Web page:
Epidemiology of camel contagious ecthyma and molecular detection of the pathogen in Arero district, Ethiopia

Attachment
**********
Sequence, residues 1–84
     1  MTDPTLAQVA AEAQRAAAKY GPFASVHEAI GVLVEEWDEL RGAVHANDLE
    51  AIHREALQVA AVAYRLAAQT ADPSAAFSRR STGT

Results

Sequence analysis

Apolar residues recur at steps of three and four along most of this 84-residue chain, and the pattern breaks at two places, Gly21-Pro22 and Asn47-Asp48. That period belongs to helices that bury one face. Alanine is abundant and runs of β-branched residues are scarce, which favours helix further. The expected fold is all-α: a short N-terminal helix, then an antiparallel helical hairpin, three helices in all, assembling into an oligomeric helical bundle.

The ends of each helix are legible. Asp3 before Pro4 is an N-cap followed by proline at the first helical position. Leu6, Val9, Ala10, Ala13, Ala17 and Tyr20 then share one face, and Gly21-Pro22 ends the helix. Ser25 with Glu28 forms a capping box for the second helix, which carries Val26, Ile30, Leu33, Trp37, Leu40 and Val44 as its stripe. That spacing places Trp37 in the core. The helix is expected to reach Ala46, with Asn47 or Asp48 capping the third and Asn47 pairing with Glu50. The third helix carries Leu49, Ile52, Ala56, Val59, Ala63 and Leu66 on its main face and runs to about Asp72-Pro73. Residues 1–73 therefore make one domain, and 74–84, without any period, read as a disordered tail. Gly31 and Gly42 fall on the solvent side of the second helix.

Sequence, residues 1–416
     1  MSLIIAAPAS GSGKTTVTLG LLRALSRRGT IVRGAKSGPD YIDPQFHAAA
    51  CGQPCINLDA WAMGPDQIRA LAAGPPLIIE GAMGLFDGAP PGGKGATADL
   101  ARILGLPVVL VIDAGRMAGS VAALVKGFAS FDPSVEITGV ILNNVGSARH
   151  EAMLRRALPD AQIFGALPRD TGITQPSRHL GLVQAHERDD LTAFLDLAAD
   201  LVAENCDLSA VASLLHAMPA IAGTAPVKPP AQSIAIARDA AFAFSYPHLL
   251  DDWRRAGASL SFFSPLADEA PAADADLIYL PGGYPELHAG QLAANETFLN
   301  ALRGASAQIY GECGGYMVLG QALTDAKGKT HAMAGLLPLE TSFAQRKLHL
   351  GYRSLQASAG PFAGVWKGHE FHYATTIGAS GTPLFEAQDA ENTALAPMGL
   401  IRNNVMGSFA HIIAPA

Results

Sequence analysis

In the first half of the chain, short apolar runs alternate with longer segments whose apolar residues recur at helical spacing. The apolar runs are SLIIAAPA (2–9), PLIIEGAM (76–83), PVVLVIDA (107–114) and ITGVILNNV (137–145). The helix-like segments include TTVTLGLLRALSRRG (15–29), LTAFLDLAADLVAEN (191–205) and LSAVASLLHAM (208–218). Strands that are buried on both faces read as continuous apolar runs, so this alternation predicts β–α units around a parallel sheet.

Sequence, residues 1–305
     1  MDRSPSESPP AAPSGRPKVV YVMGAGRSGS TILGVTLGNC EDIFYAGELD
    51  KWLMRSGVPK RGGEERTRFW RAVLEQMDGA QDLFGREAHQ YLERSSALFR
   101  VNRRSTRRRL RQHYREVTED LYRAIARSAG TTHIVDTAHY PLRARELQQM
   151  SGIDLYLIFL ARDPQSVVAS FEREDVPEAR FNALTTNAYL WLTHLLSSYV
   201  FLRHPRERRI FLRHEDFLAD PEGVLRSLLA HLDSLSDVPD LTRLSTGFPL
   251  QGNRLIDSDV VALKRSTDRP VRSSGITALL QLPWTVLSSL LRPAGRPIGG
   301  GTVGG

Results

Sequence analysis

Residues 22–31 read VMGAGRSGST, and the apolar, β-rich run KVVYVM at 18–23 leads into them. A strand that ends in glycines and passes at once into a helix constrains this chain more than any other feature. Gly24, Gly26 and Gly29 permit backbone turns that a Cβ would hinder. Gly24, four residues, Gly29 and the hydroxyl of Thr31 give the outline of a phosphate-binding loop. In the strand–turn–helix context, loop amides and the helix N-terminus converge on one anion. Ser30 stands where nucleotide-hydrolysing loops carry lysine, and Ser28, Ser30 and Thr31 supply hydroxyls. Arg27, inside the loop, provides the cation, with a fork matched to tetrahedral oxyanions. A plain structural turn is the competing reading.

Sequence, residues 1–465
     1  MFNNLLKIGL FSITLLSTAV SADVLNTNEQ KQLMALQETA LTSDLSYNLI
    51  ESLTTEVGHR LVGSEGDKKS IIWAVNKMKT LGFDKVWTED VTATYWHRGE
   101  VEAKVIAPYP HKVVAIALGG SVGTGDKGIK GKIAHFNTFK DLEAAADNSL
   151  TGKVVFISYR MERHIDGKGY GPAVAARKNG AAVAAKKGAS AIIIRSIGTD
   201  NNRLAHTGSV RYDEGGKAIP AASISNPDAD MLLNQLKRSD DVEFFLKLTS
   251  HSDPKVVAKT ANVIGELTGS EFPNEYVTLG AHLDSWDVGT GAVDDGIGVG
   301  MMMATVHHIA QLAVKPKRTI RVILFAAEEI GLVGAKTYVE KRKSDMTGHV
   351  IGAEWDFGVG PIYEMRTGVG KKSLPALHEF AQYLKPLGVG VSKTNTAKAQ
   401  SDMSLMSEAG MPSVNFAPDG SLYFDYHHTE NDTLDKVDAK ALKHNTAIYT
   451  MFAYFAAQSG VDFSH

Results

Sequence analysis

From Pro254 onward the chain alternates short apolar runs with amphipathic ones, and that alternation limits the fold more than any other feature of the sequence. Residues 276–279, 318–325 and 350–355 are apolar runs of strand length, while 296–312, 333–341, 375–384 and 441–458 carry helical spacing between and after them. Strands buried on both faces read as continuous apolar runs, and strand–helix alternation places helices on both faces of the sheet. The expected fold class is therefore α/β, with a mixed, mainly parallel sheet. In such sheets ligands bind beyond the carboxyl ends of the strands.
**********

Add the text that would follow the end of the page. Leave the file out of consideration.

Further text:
Even though camels (Camelus dromedarius) were traditionally believed to be resistant to most livestock diseases, research has demonstrated that they are susceptible to a large number of infectious agents. Based on the clinical appearance of typical lesions, camel contagious ecthyma (CCE), caused by a Parapoxvirus (PPV), is thought to be one of the most common viral diseases of camels in Ethiopia. A cross-sectional study was conducted from November 2013 to April 2014 in the Arero district of Borena Zone, Oromia Regional State of Ethiopia to investigate the epidemiological aspect of CCE and molecularly identify the causative agent. A polymerase chain reaction (PCR) based on B2L gene-specific primers of PPV was used for the confirmatory diagnosis of the CCE virus from the skin lesion of camels showing suspected clinical signs of CCE infection. Eighty-seven percent (87.0%) of camel owners reported the occurrence of CCE outbreaks in their herds in the past year (a year preceding the start of the study). The overall morbidity and mortality rates attributed to CCE were 20% (95% CI: 11– 36%) and 6.3% (95 % CI: 5.2 –7.6%), respectively. Younger camels had higher odds of becoming affected by CCE than adults [OR=3.44 (95 % CI: 2.29 –4.09)] and the difference was statistically significant. Confirmatory diagnosis of the suspected cases using conventional PCR generated the expected amplification product size of 1200bp for one of the samples. Therefore, the study confirms the presence and importance of CCE in Ethiopia and establishes the basis for further investigation.